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Audit of governor's $19,000 lectern purchase released

Arkansas Gov. Sarah Huckabee Sanders speaks after taking the oath of the office on the steps of the Arkansas Capitol Tuesday, Jan. 10, 2023, in Little Rock, Ark.
Will Newton
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AP
Arkansas Gov. Sarah Huckabee Sanders speaks after taking the oath of the office on the steps of the Arkansas Capitol Tuesday, Jan. 10, 2023, in Little Rock, Ark.

The Arkansas Legislative Audit released a report on Gov. Sarah Huckabee Sanders’ purchase of a lectern Monday afternoon, saying the governor may have broken state law after she spent tax money on a pricey Falcon podium.

In June, the governor spent in-total $19,029 on the purchase. The price of the podium itself was a little over $11,000, combined with an additional $2,500 for consulting fees, $2,200 for a road case, plus additional costs for freight, shipping and taxes. The report says even the governor found this price to be high.

At the time, the governor's office had a purchase card with a balance of more than $440,000 for “transition services.” The purchase was made with that card, meaning it was paid for with public funds.

News of the purchase broke through a FOIA request filed by Matt Campbell, who now reports for the Arkansas Times. At the time of the FOIA request, he wrote a blog called the Blue Hog Report.

After the purchase came to light, the Republican Party of Arkansas reimbursed the governor's office. The purchase prompted questions from the public and members of the Arkansas Legislature. Rep. Jimmy Hickey, R-Texarkana, asked for the audit in October.

The report says the governor had been in talks to buy the podium with a company called Salem Strategies since January 2023. An employee of the company, Hannah Stone, worked at the White House around the same time as Sanders, who served as former President Donald Trump's press secretary. Stone provided some of the earlier invoices, but a second consulting group, Beckett Events, sent the final invoice for the podium with Stone copied on the email. The podium, a blue "Falcon" design with light brown wood stain, arrived at the Arkansas State Capitol on Aug. 9, 2023.

The report contains purchase receipts for the podiums, as well as mock-ups which look identical to the lectern reporters were allowed to view last year.

 A diagram of the podium from the report.
Legislative Audit Staff
/
Curtesy Photo
A diagram of the podium from the report.

The report says Sanders wanted the podium to be custom-built to fit her standing elbow height, but when they finally received it, the podium wasn't built to their specifications. The governor's staff reached out to the consulting firm about the customizations on the podium but received no response.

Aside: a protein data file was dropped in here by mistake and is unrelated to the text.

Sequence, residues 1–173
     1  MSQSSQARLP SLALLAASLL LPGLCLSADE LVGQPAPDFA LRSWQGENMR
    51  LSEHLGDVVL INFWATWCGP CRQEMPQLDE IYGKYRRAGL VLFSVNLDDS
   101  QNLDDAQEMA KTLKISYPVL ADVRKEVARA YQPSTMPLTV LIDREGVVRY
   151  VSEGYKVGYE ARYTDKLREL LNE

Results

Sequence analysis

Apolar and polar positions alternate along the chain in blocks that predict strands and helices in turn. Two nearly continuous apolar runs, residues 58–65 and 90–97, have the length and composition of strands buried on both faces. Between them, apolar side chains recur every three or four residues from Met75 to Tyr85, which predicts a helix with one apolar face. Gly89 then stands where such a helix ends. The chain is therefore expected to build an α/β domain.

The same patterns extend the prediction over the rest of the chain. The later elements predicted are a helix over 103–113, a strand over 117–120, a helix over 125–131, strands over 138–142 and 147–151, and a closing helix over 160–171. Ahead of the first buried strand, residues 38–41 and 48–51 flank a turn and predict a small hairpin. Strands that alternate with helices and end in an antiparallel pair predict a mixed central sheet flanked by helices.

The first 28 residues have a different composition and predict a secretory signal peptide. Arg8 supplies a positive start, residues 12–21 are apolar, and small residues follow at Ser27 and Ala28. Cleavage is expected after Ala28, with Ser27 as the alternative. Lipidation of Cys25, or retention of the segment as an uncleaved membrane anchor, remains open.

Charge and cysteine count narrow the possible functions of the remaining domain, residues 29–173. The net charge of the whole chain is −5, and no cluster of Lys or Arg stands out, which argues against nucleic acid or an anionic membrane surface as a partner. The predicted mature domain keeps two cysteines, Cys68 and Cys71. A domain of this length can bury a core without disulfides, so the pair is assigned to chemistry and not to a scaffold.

The report also tried to find out if the price on the podium was above market value, but was “unable to determine the reasonableness of the cost.” Legislative auditors didn't fully understand what the customizations on the podium were, and the many attempts to get the vendors to explain were unsuccessful. The report did note that similar podiums only go for around $7,000.

Legislative auditors said there was “potential non-compliance with state law," recommending that the governor's office do better to follow state regulations in the future.

Attached to the report is a response from the governor's office, calling the audit “deeply flawed.” Sanders says she didn't break any laws, and that she is allowed to use transition funds to buy things like podiums. The legislative report says, when her office bought the podium, she was required to fill out a business justification and to notify the department of Transformation and Shared Services. She did not do either. Her office did not provide detailed invoices regarding the podium's many customizations, and discarded the case the podium came in without processing it through the proper channels.

Sanders says the rules she is said to have broken don't apply to the governor's office.

Additionally, two of the receipts have the phrase “to be reimbursed” handwritten on them, which may be a legal violation. Sanders' said she did not break any rules because they did not alter the document by writing something on it by hand. Sanders says she has been “fully exonerated," and that the podium purchase was “fully transparent” and “fully appropriate.”

The report has been forwarded to Sixth Judicial District Prosecutor Will Jones and Attorney General Tim Griffin.

On X Monday, Jones said that they are reviewing the audit, adding their “review is no different than any other file review” sent to the prosecutor's office.

In a statement, the Democratic Party of Arkansas called for Jones to investigate and “to swiftly deliver justice to any government official found to have committed an act of corruption in our state government."

Copyright 2024 Little Rock Public Radio. To see more, visit Little Rock Public Radio.

Josie Lenora is a news anchor and reporter for KUAR News at Little Rock Public Radio. She has listened to KUAR and NPR since she was a young child growing up in Little Rock and says she is thrilled to give back to an organization she loves. Josie was previously an intern in the fall of 2021 assisting in production, then spent another semester with the station interning in the newsroom in the spring of 2022.